Football: Only three quarters short

Colin Becht

It doesn’t take a tremendous lapse in sanity to imagine Northwestern at 9-0, first in the Big Ten and rising up the Bowl Championship Series rankings.

Coach Pat Fitzgerald said the Wildcats are only 45 minutes of football away from that exact reality.

“We’ve had three bad quarters that have cost us games,” he said.

Those three bad quarters, the fourth quarters against Purdue and Michigan State and the third quarter Saturday against Penn State, are the reason NU is 6-3 and unranked rather than undefeated and in the BCS hunt.

In all three of their losses, the Cats have led in the second half, even as late as the final two minutes against Michigan State. NU let second-half leads of seven, 10 and 14 slip against the Boilermakers, Spartans and Nittany Lions, respectively.

“There’s one common theme: We didn’t make a lot of plays in the second half of both those games,” Fitzgerald said. “We were driving to win the game against Purdue and shot ourselves in the foot. Against Michigan State we had the opportunity for a bunch of plays and didn’t make them. The same thing on Saturday.”

In the three quarters Fitzgerald highlighted, the Cats were outscored a combined 49-3.

Senior defensive tackle Corbin Bryant said the Cats’ collapse in Happy Valley was the most complete of the three across both sides of the ball.

“Purdue and Michigan State were a little different,” he said. “Those games came down to maybe one drive or one play. Penn State was plays in bunches here, plays in bunches there.”

Against Purdue and Michigan State, despite smaller leads, the Cats held on inside the final five minutes until late scores spelled their doom. Though NU led Penn State by 21 points with less than a minute remaining in the first half, its inability to get anything going offensively or defensively allowed the Nittany Lions to take a touchdown lead by the end of the third quarter.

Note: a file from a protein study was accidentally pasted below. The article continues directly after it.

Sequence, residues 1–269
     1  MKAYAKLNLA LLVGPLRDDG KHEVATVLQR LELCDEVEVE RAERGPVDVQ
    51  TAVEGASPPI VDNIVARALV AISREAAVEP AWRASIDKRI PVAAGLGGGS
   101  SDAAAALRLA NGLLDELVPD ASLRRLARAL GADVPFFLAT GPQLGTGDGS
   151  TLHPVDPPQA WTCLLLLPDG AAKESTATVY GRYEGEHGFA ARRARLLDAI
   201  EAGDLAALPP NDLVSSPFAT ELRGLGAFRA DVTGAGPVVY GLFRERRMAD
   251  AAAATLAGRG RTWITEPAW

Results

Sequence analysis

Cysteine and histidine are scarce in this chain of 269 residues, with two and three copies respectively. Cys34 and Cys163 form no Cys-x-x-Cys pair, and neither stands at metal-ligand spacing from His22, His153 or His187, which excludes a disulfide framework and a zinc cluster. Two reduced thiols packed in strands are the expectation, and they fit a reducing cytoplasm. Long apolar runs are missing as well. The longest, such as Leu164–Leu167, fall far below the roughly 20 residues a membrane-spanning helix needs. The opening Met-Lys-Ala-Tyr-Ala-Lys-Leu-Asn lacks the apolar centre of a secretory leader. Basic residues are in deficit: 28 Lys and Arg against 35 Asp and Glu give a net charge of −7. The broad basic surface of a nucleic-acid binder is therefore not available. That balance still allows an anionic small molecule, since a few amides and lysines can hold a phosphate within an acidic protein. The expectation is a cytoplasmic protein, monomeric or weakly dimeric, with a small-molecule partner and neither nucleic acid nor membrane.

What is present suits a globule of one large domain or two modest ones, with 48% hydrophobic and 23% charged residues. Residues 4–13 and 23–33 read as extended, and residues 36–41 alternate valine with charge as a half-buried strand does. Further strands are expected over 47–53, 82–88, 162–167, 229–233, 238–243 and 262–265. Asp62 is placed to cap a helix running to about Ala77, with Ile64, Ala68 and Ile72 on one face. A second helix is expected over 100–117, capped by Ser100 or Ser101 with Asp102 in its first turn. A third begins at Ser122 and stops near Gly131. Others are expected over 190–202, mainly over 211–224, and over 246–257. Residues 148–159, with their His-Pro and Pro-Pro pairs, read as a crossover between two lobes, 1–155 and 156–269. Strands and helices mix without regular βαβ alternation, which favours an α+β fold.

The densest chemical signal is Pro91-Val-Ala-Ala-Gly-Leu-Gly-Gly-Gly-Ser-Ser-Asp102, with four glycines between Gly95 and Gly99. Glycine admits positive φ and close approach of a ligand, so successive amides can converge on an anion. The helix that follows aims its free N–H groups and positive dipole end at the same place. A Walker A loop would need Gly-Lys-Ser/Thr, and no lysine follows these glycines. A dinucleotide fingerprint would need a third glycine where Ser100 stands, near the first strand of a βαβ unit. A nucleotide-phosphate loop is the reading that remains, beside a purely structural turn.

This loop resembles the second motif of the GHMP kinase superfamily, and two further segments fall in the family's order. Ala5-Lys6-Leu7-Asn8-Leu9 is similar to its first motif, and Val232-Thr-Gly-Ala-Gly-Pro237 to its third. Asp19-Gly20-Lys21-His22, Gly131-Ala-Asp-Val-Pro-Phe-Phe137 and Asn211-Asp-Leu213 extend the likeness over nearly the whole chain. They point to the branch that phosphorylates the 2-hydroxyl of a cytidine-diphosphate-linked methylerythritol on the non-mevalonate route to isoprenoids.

Fitzgerald said the Cats let Penn State back into Saturday’s contest because of missed tackles and the absence of game-changing plays to swing the momentum back in NU’s favor.

“We missed more tackles on Saturday than we’ve missed in the previous five or six games combined,” he said, citing 27 missed tackles. “We had three opportunities that all would have been big plays.”

Fitzgerald said the three missed opportunities for big plays were the Cats’ inability to convert on fourth-and-goal in the fourth quarter, a dropped interception and a wasted opportunity for a blocked punt.

“Those three plays we were 0-for-3,” Fitzgerald said. “Those were the plays we made in the first half, and in the second half, we didn’t make them.”

Senior offensive guard Keegan Grant said Penn State’s comeback had less to do with tactical changes than it did an adjustment in mentality.

“Scheme-wise, they didn’t really change anything,” he said. “But the players came out with something to prove after the first half.”

But, while the problems associated with the Cats’ three blown leads have been easy to specify, explicit solutions remain more general.

“We’ve got to play better,” Fitzgerald said. “We’ve got to execute better. We’ve got to coach better.”

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